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Deep-Sea Coral Evidence for Rapid Change in Ventilation of the Deep North Atlantic
 

Summary: Deep-Sea Coral Evidence for Rapid Change
in Ventilation of the Deep North Atlantic
15,400 Years Ago
Jess F. Adkins,* Hai Cheng, Edward A. Boyle,
Ellen R. M. Druffel, R. Lawrence Edwards
Coupled radiocarbon and thorium-230 dates from benthic coral species reveal that the
ventilation rate of the North Atlantic upper deep water varied greatly during the last
deglaciation. Radiocarbon ages in several corals of the same age, 15.41 0.17 thousand
years, and nearly the same depth, 1800 meters, in the western North Atlantic Ocean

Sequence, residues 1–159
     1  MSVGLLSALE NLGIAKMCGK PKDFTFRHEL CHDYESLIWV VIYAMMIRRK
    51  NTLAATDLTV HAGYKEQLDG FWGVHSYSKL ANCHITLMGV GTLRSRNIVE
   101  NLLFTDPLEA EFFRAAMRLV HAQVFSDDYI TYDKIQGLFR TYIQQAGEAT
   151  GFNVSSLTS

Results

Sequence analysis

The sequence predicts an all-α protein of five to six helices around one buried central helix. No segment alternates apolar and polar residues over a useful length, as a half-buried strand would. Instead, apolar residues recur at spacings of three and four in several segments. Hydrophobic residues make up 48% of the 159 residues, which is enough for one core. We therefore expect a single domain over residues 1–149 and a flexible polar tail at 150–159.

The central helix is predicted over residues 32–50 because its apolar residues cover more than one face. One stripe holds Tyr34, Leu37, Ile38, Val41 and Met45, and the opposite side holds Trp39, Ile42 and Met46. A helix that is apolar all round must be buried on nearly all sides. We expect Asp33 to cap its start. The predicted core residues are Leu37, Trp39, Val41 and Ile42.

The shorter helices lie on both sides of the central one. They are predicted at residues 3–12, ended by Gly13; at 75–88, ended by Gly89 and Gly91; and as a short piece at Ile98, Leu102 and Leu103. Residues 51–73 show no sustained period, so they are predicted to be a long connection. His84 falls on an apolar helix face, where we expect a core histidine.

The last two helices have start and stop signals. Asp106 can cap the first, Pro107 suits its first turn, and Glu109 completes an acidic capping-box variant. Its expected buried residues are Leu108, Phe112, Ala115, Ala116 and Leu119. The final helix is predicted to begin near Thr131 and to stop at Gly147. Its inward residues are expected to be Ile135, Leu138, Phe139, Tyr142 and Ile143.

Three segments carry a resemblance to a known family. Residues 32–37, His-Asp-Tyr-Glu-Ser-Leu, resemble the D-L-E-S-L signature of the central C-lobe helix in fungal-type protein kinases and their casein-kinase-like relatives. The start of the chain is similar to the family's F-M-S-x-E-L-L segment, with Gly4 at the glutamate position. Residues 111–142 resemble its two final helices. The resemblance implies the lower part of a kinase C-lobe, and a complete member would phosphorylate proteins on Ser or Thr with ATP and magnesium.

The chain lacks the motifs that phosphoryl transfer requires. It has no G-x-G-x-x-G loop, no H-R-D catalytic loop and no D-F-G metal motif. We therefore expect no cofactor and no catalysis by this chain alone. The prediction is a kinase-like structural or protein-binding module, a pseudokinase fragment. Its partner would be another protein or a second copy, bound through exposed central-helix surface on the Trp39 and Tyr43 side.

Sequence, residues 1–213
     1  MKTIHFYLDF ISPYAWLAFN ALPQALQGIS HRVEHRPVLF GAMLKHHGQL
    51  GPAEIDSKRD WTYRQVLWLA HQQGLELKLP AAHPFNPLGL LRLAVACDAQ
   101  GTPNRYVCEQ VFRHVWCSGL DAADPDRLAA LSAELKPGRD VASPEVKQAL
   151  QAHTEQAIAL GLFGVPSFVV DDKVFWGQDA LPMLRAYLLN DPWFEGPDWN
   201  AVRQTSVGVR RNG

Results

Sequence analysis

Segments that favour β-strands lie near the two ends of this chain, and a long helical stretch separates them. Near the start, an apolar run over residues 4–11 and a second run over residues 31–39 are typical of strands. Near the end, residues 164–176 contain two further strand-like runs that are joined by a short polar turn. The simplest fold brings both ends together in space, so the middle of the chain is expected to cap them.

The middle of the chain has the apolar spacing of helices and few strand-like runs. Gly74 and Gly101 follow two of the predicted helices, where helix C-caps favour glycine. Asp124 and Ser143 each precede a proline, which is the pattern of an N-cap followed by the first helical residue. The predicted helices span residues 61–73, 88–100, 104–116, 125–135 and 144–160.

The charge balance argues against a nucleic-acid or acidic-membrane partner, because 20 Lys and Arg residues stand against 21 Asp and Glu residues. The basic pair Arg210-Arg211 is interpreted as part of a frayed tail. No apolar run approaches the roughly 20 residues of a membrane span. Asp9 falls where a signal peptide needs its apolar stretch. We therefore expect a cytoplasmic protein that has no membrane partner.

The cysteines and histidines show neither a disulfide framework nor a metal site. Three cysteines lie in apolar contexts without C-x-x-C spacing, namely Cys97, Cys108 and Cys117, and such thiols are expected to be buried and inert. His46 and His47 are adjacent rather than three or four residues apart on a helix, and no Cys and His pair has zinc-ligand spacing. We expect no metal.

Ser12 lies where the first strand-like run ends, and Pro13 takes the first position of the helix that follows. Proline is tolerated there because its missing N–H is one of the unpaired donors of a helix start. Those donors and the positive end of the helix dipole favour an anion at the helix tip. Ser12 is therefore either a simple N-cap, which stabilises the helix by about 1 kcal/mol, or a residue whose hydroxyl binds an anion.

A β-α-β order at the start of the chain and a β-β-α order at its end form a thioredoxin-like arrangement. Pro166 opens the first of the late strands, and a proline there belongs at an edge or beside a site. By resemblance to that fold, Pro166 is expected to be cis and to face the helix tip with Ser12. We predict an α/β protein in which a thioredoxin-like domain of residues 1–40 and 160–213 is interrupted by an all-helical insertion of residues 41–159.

increased by as much as 670 years during the 30- to 160-year life spans of the samples.
Cadmium/calcium ratios in one coral imply that the nutrient content of these deep waters
also increased. Our data show that the deep ocean changed on decadal-centennial time
scales during rapid changes in the surface ocean and the atmosphere.
Records from Greenland ice cores have
revealed that the glacial polar climate shift-
ed extremely rapidly several times. From
18,000 to 40,000 years ago (ka), glacial
climates were periodically punctuated by
rapid returns to milder conditions, called
interstadials, that lasted for hundreds of

  

Source: Adkins, Jess F. - Division of Geological and Planetary Sciences, California Institute of Technology

 

Collections: Environmental Sciences and Ecology; Geosciences